Nothing wrong with making the case, attorneys do it too.

    But if a public flame war develops when bioethicists start playing footsie with an idea like that, perishing the thought that it should be legal [yet?], it’s no use blaming the public. We the public are the rats in their experiments, which sometimes do come to fruition.

  3. 3
    News says:

    The only Darwinterm that comes close – that comes immediately to mind – is “ghost lineages” = ancestors for which we have no evidence, only faith.

    Like a lot of people’s connexions to royalty.

  4. 4
    Andre says:

    I think it was Ronald Reagan who said

    “I see all those in favor of abortion has already been born”

    Makes you think about the mass murder that happens everyday.

  5. 5
    Axel says:

    Yet, if you met them, they’d look just like you or me. Well, more respectable than me. ‘Snakes in suits’ one author has described psychopaths.

  6. 6
    JWTruthInLove says:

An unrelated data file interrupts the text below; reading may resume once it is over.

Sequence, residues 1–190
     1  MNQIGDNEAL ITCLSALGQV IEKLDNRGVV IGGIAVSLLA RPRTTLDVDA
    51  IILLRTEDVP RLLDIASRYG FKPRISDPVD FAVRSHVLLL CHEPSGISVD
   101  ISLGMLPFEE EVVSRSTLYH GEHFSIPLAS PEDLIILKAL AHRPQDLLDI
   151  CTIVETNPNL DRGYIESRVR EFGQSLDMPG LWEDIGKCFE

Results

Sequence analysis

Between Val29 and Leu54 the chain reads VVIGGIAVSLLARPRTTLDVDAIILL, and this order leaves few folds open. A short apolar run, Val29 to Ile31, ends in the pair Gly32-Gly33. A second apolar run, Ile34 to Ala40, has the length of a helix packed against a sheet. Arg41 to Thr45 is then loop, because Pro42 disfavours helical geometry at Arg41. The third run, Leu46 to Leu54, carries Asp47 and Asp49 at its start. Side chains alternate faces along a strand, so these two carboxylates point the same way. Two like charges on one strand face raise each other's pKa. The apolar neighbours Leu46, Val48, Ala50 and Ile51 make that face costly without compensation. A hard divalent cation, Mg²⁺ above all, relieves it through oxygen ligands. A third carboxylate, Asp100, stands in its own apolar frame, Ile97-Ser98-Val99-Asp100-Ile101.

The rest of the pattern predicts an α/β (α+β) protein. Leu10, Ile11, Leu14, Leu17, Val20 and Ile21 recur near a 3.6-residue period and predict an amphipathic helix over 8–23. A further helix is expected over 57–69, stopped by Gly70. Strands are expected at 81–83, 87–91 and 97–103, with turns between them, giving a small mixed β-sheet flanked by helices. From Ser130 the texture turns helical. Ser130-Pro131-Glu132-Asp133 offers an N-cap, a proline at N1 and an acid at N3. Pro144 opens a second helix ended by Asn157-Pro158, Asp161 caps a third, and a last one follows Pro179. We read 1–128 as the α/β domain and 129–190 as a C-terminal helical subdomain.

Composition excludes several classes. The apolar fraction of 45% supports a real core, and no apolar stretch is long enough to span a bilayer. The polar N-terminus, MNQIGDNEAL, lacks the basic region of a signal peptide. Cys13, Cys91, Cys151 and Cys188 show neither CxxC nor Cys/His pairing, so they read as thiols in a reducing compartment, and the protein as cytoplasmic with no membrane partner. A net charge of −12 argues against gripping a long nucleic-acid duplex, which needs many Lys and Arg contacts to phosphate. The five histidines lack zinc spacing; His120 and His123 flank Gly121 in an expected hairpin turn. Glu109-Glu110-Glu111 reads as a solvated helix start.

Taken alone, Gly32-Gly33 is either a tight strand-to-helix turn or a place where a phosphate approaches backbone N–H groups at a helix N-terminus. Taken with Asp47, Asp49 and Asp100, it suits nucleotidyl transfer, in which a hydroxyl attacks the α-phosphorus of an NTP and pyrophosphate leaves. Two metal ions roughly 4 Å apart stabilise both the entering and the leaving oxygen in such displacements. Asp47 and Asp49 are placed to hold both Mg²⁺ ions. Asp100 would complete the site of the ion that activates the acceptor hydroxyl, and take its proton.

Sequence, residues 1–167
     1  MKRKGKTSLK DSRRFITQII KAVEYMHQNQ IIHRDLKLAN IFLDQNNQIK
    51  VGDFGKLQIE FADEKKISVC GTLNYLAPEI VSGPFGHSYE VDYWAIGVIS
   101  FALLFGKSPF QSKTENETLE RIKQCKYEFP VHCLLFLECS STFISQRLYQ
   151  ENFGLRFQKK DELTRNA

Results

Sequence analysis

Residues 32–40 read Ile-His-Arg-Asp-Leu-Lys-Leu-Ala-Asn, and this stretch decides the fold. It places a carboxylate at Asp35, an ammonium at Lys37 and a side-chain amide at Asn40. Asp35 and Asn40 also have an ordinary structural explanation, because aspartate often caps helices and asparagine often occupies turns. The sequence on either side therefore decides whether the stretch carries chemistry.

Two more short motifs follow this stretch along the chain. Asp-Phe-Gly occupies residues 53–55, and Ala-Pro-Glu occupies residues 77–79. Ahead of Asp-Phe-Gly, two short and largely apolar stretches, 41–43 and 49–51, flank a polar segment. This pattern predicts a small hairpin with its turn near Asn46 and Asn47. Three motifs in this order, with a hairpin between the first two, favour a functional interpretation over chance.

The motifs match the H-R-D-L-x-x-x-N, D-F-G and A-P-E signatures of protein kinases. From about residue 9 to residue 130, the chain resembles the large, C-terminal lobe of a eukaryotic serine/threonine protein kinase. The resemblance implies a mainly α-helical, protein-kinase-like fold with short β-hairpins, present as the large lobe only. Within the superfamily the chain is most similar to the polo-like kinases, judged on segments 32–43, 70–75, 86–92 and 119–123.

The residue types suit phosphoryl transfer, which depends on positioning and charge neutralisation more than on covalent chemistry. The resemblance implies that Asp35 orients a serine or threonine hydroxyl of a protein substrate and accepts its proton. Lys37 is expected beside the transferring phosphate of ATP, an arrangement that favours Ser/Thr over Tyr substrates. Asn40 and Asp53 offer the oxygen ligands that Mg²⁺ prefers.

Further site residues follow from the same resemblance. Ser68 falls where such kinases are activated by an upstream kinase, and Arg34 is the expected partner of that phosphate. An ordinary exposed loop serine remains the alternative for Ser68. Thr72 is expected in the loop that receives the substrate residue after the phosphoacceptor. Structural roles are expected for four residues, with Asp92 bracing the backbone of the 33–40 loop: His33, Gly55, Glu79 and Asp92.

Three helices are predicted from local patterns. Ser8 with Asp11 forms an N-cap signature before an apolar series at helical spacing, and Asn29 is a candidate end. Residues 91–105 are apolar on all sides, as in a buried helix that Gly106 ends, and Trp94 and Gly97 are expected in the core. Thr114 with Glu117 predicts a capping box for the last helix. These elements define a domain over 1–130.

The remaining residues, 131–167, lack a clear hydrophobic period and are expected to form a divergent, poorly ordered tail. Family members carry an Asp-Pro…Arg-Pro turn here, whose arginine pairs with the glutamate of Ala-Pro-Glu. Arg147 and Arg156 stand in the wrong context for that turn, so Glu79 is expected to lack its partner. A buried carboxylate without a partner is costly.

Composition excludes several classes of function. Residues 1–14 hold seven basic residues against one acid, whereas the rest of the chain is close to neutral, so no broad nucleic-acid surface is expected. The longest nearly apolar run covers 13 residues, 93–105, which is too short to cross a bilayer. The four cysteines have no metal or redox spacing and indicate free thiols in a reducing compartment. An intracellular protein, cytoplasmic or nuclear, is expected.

‘Snakes in suits’ – That’s how trinitarians call Jehovah’s Witnesses doing God’s work. But I could be mistaken… It’s hard to understand them when they foam at the mouth.

  7. 7
    kairosfocus says:

    JWT: Cf here on the dark triad problem, a real enough challenge. KF

  8. 8
    Axel says:

    ‘It’s hard to understand them when they foam at the mouth.’

    Also, when you’ve got your fingers in your ears, frantically chanting empty noises, as do liberal atheists.

  9. 9
    mahuna says:

    You should read “From Darwin to Hitler”. Abortion, infanticide, and euthanasia are all part of the same thinking. Euthanasia is common practice in European countries with Socialized medicine. Holland is notorious for simply killing patients in hospitals. (They up the drip on your sedatives until your diaphram muscle stops pumping air.)